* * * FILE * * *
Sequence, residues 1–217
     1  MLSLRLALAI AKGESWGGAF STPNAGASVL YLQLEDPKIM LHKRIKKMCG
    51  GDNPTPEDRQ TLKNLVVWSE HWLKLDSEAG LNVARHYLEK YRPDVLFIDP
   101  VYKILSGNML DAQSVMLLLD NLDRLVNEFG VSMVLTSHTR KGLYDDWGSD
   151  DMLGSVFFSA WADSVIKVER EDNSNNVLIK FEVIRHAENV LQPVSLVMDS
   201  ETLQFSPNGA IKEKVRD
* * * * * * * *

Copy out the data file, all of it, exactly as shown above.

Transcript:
Sequence, residues 1–217
     1  MLSLRLALAI AKGESWGGAF STPNAGASVL YLQLEDPKIM LHKRIKKMCG
    51  GDNPTPEDRQ TLKNLVVWSE HWLKLDSEAG LNVARHYLEK YRPDVLFIDP
   101  VYKILSGNML DAQSVMLLLD NLDRLVNEFG VSMVLTSHTR KGLYDDWGSD
   151  DMLGSVFFSA WADSVIKVER EDNSNNVLIK FEVIRHAENV LQPVSLVMDS
   201  ETLQFSPNGA IKEKVRD